US 20070024727 A1
An active pixel sensor includes mixed analog and digital signal integration on the same substrate. The analog part of the array forms the active pixel sensor, and the digital part of the array does digital integration of the signal.
9. A processing system comprising:
an array of pixels disposed on a substrate;
a first analog signal processor for processing a plurality of analog signals received from a first pixel in the array of image sensor pixels during an integration period of said pixel;
a first circuit for converting said processed analog signals to digital signals;
a first digital signal processor for receiving and processing said digital signals; and
a first digital memory array for storing said digital signals,
wherein said digital signals are accumulated by said processing system, the accumulation of which represents a digital integrated value for the integration period of the first pixel.
10. The processing system of
11. The processing system of
12. The processing system of
13. The processing system of claim 1, further comprising:
a second analog processor for processing a plurality of analog signals generated by a second pixel in the array during an integration period for the second pixel;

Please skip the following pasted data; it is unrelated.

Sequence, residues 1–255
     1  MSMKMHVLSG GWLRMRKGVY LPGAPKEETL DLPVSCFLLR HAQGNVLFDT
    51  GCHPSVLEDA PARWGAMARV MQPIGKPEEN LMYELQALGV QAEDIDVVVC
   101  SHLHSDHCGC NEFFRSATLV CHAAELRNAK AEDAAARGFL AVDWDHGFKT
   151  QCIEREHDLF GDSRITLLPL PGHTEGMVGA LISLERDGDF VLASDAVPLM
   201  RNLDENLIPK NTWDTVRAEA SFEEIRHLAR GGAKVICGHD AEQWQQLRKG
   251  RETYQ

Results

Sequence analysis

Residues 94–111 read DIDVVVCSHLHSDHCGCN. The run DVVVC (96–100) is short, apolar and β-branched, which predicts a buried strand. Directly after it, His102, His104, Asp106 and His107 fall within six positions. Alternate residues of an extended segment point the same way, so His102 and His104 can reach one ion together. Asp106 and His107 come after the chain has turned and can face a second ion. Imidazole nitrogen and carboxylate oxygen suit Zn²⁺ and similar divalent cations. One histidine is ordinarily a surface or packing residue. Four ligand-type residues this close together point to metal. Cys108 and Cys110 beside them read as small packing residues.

a second circuit for converting said processed analog signals from said second analog processor to digital signals; and
a second digital processor for receiving and processing said digital signals from said second circuit.
14. The processing system of
15. The processing system of
16. The processing system of
17. The processing system of
18. The processing system of
19. A method of operating an imager comprising:
capturing an image with a pixel sensor array during an integration period;
causing pixels in the array to each produce electrical signals representing said image;
sampling said electronic signals for each pixel multiple times during said integration period;
converting said electrical signals for each pixel to digital signals;
accumulating and storing said digital signals for each pixel, said accumulated digital signals for each pixel representing a digital integrated signal for said integration period.
20. The method of
21. The method of
22. The method of
23. The method of
24. The method of
25. An imager circuit comprising: